Wednesday, September 19, 2012

Kohlberg's Stages of Moral Development (with models)

Lawrence KohlbergA prominent cognitive-developmental theorists and American psychologist and is known for his extensive research on moral reasoning.


Kohlberg's Stages of Moral Development
Moral Development: involves acquiring standards about right and wrong, analyzing moral issues thoughtfully, and increasingly engaging in helpful behaviors that reflect concern for other peoples rights and needs.

Kohlberg's Model

New Model

  • Level III: Postconventional Morality- Rarely seen before college (Stage 6 is extremely rare even in adults)
-Stage 5 Social-Contract Legalistic Orientation: People recognize that rules represent agreements among many individuals about appropriate behavior. Rules are seen as potentiality useful tools that can and help maintain social order and protect individual rights rather than as absolute dictates that must be obeyed simply because they are "the law". People also recognize the flexibility of rules; rules that no longer serve society.
-Stage6 Universal Ethical Principle Orientation: This stage is hypothetical that few people ever reach. People that do reach this stage adhere to a few abstract universal principles that transcend specific norms and rules. They answer to a "strong inner conscience and willingly disobey law that violate their own ethical principles."

Key concepts

Moral Dilemma: a situation in which two or more people's rights or needs may be at odds and for which there is no clear-cut right or wrong solution.
Preconventional morality: the earliest and least mature form of moral reasoning in that as child has not yet adopted or internalized societies conventions regarding what is right or wrong.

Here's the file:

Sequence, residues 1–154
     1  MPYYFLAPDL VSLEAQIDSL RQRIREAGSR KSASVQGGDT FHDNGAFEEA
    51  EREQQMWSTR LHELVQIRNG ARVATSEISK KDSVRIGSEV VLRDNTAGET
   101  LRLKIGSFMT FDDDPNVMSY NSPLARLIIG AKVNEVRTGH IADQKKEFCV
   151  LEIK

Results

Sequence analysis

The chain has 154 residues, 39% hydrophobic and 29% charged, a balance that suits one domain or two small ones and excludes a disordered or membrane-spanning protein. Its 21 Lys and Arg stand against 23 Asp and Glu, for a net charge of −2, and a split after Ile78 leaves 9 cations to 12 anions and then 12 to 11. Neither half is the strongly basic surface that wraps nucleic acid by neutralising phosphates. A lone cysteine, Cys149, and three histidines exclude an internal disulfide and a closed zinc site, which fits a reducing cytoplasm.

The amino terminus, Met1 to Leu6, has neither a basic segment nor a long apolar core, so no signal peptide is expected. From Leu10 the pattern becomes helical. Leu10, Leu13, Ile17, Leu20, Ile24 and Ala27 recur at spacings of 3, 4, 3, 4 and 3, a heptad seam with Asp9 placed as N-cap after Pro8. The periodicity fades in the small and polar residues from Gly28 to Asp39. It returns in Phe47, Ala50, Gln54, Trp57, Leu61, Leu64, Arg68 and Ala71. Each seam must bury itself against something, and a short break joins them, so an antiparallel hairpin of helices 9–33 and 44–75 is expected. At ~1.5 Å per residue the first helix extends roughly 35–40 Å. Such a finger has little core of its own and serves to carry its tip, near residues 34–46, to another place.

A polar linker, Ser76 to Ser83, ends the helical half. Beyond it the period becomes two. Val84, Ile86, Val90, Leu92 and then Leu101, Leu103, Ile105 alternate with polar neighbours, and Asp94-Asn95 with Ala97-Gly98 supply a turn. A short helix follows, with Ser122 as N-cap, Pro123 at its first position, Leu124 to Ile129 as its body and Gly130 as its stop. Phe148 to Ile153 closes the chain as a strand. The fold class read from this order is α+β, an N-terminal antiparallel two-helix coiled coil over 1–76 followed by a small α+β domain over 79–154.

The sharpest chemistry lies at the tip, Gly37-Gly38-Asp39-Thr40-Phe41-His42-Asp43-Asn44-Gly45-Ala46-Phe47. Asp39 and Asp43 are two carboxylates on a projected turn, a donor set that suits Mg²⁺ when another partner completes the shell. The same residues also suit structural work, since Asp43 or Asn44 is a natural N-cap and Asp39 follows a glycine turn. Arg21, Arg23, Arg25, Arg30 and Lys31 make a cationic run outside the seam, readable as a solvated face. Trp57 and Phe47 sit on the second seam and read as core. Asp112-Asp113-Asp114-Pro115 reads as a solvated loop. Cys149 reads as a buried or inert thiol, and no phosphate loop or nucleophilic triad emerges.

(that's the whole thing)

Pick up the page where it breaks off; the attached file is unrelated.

Conventional morality: characterized by an acceptance of society s conventions regarding right and wrong.
Post conventional morality: view rules as useful but changeable mechanism created to maintain the general social order and protect human rights, rather than as absolute dictates that must be obeyed without questions.

Moral Reasoning and Behavior

Late Adolescents (14-18 years)
-What you might observe
  • Understanding that rules and conventions help society run more smoothly
  • Increasing concern about doing ones duty and abiding by the rules of society as a whole
  • Genuine empathy for people in distress
  • Belief that society has a obligation to help those in need
  • For some older adolescents high moral values are a central part of their overall identity
  • Show strong commitment to to helping those less fortunate than themselves
  • Adolescents who have less advanced moral reasoning are more likely to engage in antisocial acvtivies
  • Explore moral issues in social studies, science and literature
  • Give teens a political voice in decision making about rules and school elsewhere
  • Provide decent role models since children learn by example
  • Offer positive feedback when children act respectful or generous to others
  • Offer support by listening to their problems
  • Encourage independent thinking by telling children to pursue what they believe in

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